So far, Netflix and Will Arnett has been a successful combination. First we had the new season of Arrested Development, and then the wonderful Bojack Horseman. When it was announced that Arnett was developing a show with Netflix, it seemed like the stars was aligned. Unfortunately, Flaked is the biggest misfire that Netflix has released so far.
The eight-episode series focuses on Chip, a recovering alcoholic who lives in Venice, LA with his friend, Dennis and they both meet a girl, London. The series premise of Chip being self-centred in the beautiful backdrop could catch the attention of many, except he doesn’t always put himself first. He is a collection of things, greed and jealousy – sure, but none of them are ever enough to make him a unique character. Instead we just get a tamer version of Californication, without the snappy dialogue, sex, backstory, character drive, social commentary and anything else that made Hank Moody the perfect man child.
That being said, there is one thing Chip consciously puts himself in front of: the plot. Despite how dislikeable the summary of the show tries to make Chip sound, by the end of the eight episodes I felt like Chip couldn’t make an impression over me. He simply washed over me. Instead, the supporting characters are where the true talent in the show was. Admittedly, Dennis suffered from the same overwriting (or perhaps, in the case of the show, underwriting), but the star male performance was from Robert Wisdom, who played the role of Chip’s previous sponsor. More stand out performances come from the semi-love interest of Chip’s, played by Lina Esco, who appears in a sex scene in the first episode, but quickly becomes the most interesting character in the show. Finally, we are given a few appearances of Heather Graham, who brings a stunning light to the show like she does with everything she touches.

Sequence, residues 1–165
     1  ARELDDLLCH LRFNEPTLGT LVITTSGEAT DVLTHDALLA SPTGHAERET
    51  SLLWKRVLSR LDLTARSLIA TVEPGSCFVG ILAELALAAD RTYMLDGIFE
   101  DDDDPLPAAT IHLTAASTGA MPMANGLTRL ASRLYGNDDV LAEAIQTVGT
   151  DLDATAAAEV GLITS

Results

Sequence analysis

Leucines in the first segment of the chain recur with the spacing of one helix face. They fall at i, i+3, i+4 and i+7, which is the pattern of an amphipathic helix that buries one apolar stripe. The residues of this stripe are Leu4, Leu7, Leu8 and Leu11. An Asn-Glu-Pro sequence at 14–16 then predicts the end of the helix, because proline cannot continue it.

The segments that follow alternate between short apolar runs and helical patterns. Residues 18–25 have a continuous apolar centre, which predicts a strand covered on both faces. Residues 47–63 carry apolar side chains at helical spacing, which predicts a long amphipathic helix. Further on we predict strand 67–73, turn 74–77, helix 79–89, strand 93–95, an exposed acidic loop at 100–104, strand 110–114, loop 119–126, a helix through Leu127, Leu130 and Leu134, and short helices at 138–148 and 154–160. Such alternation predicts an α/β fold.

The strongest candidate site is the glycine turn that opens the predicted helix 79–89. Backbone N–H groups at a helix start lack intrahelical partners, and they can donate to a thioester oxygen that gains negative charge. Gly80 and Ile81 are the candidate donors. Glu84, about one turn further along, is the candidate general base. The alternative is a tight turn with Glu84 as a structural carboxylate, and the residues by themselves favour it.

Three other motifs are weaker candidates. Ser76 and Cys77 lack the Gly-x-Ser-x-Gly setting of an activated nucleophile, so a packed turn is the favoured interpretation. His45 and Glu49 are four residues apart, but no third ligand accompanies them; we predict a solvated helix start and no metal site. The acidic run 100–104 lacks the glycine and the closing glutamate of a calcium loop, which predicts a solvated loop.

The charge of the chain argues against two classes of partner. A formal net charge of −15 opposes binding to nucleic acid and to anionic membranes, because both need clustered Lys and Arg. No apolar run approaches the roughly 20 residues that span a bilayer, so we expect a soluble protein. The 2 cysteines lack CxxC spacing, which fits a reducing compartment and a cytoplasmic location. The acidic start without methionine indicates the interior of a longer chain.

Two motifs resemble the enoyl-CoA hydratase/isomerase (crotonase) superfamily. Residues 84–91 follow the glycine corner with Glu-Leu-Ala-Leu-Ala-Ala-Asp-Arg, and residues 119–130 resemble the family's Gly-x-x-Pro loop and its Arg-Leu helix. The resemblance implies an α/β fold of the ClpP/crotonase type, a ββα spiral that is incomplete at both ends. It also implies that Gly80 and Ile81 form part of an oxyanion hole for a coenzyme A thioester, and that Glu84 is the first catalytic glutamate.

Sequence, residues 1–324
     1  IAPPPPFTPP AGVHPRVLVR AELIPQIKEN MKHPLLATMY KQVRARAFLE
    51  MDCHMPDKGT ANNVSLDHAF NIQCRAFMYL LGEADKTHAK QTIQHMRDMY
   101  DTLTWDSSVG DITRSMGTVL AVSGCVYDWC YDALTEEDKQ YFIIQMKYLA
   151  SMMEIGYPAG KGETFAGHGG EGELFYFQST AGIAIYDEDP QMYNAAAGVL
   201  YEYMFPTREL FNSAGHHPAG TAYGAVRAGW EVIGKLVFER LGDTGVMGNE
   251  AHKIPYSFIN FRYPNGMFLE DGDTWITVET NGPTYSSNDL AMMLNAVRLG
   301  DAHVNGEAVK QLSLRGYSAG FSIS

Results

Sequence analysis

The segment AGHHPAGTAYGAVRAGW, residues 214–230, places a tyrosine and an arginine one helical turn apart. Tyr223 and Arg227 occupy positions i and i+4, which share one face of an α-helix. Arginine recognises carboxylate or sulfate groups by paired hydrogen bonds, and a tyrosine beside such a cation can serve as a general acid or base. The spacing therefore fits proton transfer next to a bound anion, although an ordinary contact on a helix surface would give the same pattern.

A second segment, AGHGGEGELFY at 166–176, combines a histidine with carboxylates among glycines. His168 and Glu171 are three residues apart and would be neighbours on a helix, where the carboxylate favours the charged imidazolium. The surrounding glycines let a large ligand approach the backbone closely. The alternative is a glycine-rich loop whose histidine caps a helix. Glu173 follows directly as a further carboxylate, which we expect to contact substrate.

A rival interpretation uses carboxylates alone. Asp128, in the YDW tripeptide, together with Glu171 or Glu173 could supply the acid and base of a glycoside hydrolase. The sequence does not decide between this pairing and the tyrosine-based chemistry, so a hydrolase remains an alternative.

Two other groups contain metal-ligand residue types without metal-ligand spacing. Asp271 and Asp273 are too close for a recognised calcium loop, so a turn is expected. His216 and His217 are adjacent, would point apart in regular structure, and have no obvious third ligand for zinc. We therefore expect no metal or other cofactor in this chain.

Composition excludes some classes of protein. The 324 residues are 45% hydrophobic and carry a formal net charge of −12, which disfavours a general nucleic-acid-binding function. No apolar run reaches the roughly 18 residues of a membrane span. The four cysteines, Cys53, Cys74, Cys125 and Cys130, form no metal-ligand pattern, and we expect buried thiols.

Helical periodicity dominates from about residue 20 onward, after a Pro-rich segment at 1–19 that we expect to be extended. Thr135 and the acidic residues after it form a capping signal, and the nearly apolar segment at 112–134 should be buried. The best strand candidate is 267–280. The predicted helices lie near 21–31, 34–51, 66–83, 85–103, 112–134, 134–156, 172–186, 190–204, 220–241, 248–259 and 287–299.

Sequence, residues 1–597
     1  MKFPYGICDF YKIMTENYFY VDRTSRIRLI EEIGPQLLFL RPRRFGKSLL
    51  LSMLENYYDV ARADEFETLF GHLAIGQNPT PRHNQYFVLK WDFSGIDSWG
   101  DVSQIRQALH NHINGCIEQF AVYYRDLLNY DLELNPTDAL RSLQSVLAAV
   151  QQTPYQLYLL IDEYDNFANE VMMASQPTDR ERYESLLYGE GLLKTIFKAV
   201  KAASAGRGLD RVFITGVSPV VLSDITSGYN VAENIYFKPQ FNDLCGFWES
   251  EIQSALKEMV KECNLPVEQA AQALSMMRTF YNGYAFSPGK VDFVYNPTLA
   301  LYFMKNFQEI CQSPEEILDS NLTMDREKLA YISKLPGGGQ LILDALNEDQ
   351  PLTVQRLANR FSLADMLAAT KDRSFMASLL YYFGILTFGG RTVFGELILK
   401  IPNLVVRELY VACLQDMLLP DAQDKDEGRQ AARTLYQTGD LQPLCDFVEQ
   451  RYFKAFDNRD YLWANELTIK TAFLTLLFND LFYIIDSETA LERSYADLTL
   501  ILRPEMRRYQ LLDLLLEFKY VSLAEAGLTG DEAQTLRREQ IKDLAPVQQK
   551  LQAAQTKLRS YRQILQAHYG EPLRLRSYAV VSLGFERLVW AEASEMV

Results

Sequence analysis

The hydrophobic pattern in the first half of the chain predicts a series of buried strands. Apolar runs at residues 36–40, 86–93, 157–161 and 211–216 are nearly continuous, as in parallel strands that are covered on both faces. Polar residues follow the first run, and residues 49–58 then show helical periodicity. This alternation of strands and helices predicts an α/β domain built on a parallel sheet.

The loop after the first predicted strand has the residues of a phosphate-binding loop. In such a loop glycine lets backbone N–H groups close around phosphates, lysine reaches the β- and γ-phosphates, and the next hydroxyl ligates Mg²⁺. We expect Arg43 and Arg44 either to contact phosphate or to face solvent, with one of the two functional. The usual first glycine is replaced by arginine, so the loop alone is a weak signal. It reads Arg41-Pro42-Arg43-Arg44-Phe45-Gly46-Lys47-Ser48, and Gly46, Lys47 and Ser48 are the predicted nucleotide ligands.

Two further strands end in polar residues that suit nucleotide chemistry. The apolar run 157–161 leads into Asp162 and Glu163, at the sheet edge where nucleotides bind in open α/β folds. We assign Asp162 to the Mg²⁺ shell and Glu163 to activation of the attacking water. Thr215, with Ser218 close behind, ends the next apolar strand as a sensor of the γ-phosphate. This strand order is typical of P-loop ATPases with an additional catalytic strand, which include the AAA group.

What might be the one congruent thing to Flaked’s tone, but is another disservice to the audience, is how little the show focuses on anything else but Chip. Any situation that has the potential to be a subplot, such as people having their own interests, or even disliking Chip, is quickly stuffed aside by Chip committing a gesture that any human being could do and being forgiven for it. By the first episode you’ll have some substance and wonder how it’ll be spread across eight episodes, and by the time that the series is finished you’ll still not have an answer to that question.
The theme of alcoholism is important in the series, but after a few episodes rather than being shown as the humane side of Chip it’s more just to be used for his exploitations. Chip uses his role in helping others to get sober to get others into bed, help secure his finances and to increase his standing in the community. While for a character such as Chip this is believable, Flaked fails to show any other benefit the recovery program has had on anyone else. Once again, everything is all about Chip, and for the wrong reasons.
Even the location of Venice Beach isn’t mentioned much, or shown off for all the beauty that it’s worth. Instead it seems to be a convenient location for stereotypes of laid-back surfers and people who like to cycle anywhere. For a show about a recovering alcoholic who wants to get whatever he desires’ Flaked is remarkably safe, and never has any dark tones that could save it from being boring. Chip just does slightly bad things and gets forgiven for them, reducing any sense of drama that should exist in the show, and stopping it from taking on any life of it’s own.
Perhaps one of the saddest things about Flaked is what it could have been. Arnett is a fantastic and hilarious actor, and Netflix has seen great television made in its presence. This just feels like something that should have been perfect, but ended in bad news. Whether it was due to studio interference of lack of talent in the writing room, due to its creators we just want to put our head in the sand and see and hear no evil, and no Flaked.
There isn’t one overall issue with Flaked, it’s just that it has absolutely nothing to keep people hooked. Perhaps Netflix’s binge watch nature will be in favour so that fans feel obligated to finish the show. Once they realise that it never really gets good, however, audiences will be feeling disappointed. Instead of having a strong current that pulls the viewer in any direction, Flaked just sits there, being passive, and quickly grows stagnant.
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